Starving Children and Stolen Food

In late 1845 Daniel O’Connell led a delegation to the Vice Regal Palace in the Phoenix Park to appeal to the British Viceroy to close Irish ports to food exports. The dreaded potato blight had reached Ireland, heralding a major humanitarian crisis which escalated to Europe’s biggest 19th Century catastrophe.



In the interest of free market forces, O’Connell’s appeal was rejected. In failing health, O’Connell left Ireland for the last time in January 1847 and made a moving speech in the British House of Commons in which he appealed for aid for the starving Irish. Shortly after that, on medical advice, he left for Italy where, on 15 May 1847, he died in Genoa.

The potato was the staple diet of the Irish poor who had been forced, through colonial policies of dispossession and land grabbing, to subsist on a single crop. Meanwhile, as Ireland starved, food in abundance – wheat, barley, oats, sheep, pigs and cattle – was exported throughout the so-called famine.

It’s a memory etched deep within the psyche that makes Irish people sensitive and caring towards those who suffer starvation today.

It’s a memory that causes one to gasp with disbelief when reading an Associated Press report concerning recently ‘liberated’ victims of Boko Haram in northeastern Nigeria who are dying of starvation, and which states:

“The crisis in Maiduguri, where markets are filled with fresh vegetables and fruit is… what the U.N has called a “catastrophic humanitarian crisis”… where 2.5 million malnourished people have no access to food and drinking water. “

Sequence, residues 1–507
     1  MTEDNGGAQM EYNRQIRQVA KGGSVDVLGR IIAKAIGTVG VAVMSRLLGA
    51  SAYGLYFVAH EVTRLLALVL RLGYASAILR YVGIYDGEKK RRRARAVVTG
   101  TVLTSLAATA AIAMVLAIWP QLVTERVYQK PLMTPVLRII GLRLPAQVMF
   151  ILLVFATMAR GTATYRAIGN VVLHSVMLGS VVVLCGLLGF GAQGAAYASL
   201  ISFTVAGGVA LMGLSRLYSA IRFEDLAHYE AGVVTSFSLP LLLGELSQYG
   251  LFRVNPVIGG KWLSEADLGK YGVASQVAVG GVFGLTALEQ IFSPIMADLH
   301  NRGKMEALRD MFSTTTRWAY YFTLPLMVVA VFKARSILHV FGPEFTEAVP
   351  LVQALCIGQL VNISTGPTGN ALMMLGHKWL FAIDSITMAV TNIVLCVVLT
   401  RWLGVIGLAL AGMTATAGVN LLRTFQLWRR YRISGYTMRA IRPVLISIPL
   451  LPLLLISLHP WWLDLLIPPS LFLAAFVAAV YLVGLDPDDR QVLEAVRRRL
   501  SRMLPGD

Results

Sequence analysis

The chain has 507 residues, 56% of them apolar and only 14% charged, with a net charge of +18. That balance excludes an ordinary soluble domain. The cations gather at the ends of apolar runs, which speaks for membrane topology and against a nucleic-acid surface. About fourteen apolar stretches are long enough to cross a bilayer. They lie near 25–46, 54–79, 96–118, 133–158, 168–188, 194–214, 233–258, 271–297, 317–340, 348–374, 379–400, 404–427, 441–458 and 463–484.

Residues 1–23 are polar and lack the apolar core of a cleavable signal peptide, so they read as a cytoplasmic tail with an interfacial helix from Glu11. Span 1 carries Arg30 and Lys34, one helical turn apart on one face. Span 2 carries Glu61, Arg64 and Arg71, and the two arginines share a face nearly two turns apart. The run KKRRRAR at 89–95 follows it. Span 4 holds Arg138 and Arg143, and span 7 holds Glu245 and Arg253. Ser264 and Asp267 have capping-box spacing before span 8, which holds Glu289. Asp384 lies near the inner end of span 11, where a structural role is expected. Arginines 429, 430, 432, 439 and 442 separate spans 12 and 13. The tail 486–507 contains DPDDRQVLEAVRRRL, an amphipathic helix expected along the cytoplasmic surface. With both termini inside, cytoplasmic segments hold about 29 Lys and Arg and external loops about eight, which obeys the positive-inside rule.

It is yet again another example of how the poor, through no fault of their own, find themselves cast into the trenches of a war not of their doing or their choosing. A war, like all wars, that has its roots in injustice, human rights violations, political and economic exploitation and, as we are increasingly seeing, the impact of Climate Change.

The Associated Press report also states that the Nigerian Government is carrying out an investigation into the theft of relief aid, destined for the starving masses, that was stolen, repackaged and sold elsewhere, for the benefit of the thieves.

AP reports that dozens of seriously malnourished babies and children fill the tents of the feeding centers opened by Doctors without Borders. The humanitarian organisation has revealed that between 10 and 25 percent of children in a 110-bed feeding center are dying, a high percentage even in an emergency.

You can read the full and shocking report here

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